Rick Bass' 'Hermit': a silent plea for love

July 14, 2002|By Joan Mellen | By Joan Mellen,Special to the Sun

The Hermit's Story, by Rick Bass. Houghton Mifflin Co. 179 pages. $23.

A man and a woman and a pack of newly trained dogs became lost inside a frozen lake without water. Blue emanates from the earth: "blue is a thing that emerges from the soil itself." Society has ceased to exist in these mesmerizing stories which breathe outside of time and history. Nothing tropical invades. In the title story of this marvelous collection, Rick Bass sees through the eyes of birds and deer. Nature puts human beings in their place. Wisely, Ann and Gray Owl turn leadership over to the dogs, who know enough to turn west to safety.

Most of these spare stories take place in a valley beyond civilization: Human beings measure themselves against dogs and bears and wolves. At their best, people make their contribution, but it is inevitably when they are appropriately humble. In "The Distance," Bass eviscerates that icon, Thomas Jefferson, in particular his futile attempts to control nature: "How his precisionist's heart must have raged against this fluidity, this refusal to adhere specifically to his ironclad plans and schemes." Bass has Jefferson even willing himself to linger on his deathbed for weeks so as to expire on the fourth of July.

Billy, in "Swans," a man who lives off the land, is, for Bass, more admirable than Mr. Jefferson. The scent of his wife Amy's freshly baked bread is "like the smells from heaven's kitchen." There are men like Billy who don't know how to read, but it doesn't matter. Yet even the strongest and the wisest weaken. In "Two Deer," Bass combines the pain of existence with a lucid assessment of how much can be expected of life.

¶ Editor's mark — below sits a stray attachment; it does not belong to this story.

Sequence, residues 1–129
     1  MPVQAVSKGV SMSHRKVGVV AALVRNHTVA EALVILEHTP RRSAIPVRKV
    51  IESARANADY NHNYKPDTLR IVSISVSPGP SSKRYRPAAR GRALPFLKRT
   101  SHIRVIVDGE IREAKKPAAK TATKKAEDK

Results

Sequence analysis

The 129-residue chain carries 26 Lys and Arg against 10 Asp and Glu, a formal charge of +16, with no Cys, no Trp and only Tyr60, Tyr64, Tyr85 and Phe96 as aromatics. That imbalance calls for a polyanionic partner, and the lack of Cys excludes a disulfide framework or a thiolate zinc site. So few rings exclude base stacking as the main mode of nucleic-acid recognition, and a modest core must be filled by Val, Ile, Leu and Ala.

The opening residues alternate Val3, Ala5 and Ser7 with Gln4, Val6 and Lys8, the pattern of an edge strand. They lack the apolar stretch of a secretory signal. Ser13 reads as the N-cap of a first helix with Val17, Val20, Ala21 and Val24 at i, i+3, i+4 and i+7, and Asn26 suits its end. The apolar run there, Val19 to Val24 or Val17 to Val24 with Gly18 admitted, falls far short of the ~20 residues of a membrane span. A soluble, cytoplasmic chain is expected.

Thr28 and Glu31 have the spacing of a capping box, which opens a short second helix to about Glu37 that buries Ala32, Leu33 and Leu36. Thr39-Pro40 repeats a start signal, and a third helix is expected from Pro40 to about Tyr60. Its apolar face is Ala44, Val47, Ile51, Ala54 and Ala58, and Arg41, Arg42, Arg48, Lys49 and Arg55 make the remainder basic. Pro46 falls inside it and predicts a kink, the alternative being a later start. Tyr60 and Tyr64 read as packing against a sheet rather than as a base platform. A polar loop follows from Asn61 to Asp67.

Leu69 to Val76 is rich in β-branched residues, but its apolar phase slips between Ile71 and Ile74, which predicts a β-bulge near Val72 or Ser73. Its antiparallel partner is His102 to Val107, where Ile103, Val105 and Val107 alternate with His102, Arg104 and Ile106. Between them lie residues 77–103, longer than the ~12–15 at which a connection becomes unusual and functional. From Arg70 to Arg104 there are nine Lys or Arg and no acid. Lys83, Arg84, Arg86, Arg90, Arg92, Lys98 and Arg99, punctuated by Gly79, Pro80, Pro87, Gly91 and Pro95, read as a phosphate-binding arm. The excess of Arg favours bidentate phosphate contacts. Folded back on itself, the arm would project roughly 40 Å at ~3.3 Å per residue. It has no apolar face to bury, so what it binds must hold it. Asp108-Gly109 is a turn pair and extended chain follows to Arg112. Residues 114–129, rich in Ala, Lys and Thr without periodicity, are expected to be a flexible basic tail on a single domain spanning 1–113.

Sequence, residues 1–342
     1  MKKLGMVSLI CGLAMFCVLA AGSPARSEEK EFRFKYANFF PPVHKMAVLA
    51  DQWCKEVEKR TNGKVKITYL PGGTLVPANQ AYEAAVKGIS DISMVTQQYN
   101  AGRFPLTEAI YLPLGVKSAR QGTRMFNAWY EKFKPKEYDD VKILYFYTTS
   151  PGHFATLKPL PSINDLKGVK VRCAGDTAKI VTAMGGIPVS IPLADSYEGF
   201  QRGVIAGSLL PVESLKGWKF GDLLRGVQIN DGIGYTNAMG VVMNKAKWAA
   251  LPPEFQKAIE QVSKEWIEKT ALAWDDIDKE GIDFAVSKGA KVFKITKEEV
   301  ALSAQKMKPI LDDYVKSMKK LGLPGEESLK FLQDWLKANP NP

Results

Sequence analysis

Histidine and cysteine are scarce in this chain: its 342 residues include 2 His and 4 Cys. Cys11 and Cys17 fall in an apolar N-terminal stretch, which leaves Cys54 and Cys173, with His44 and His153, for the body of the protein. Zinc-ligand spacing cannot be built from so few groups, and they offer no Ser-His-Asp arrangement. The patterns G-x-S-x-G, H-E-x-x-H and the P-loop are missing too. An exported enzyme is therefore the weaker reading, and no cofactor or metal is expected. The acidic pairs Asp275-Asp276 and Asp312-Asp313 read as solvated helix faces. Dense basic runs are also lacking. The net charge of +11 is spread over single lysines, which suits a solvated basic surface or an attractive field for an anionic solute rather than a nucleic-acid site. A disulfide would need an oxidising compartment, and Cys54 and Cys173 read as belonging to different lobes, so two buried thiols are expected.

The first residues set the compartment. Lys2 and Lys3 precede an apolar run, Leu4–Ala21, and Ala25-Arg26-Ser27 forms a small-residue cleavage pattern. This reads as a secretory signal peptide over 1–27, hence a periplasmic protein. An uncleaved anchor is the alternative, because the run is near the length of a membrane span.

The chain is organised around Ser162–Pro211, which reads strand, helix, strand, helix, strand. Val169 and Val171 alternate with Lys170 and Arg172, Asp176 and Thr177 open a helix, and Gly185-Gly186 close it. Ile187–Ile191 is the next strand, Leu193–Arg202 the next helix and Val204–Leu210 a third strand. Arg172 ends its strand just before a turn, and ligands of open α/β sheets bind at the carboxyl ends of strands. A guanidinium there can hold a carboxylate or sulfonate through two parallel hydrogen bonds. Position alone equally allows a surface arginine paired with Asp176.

In Rick Bass' plotless stories, life unfolds without reaching any particular triumphs or climaxes; there are no startling reversals. People, among other creatures, live out their cycles.

Amy's bread is not enough to keep Billy safe from a favorite Bass term: "rot." In "The Fireman," the marriage of Kirby and Mary Ann is replenished by the fires to which as a volunteer he subjects himself compulsively.

Jerry and Karen in "President's Day" do less well in their eroding marriage; he sees the days and nights "rushing past," when she is mired in "faint lashings and faint withholdings." Balance is all. Jerry's old acquaintance, Jim, with his hopelessly detached retina, surprisingly endures. Jerry, the healthy one of the two, temporarily loses direction.

Only two stories falter, "the Cave" and "Eating," both populated by an uninteresting couple named Sissy and Russell.

In "Eating," Russell depletes a diner of its entire stock of eggs, ham and pancakes, filling an emptiness he can never hope to define.

The risk this author takes is that he doesn't grant the human organisms pride of place: The sky, five stubborn swans, the valley itself are not anthropomorphized, or trivialized. There is a respect for existence, without didacticism, which marks Rick Bass' gift. If there is an underlying emphasis, it is the author's silent plea that men and women learn to love each other with wider comprehension and appreciation of their material fragility. With his original gift of evoking landscape, Bass cheers on this with the courage to discover what they need.

This is Rick Bass' 17th book, a fully realized collection of the highest quality.

Joan Mellen is the author of 15 books, including a novel, three biographies and seven volumes of criticism. She teaches in the graduate program in creative writing at Temple University in Philadelphia, and is completing a biography of New Orleans district attorney Jim Garrison.

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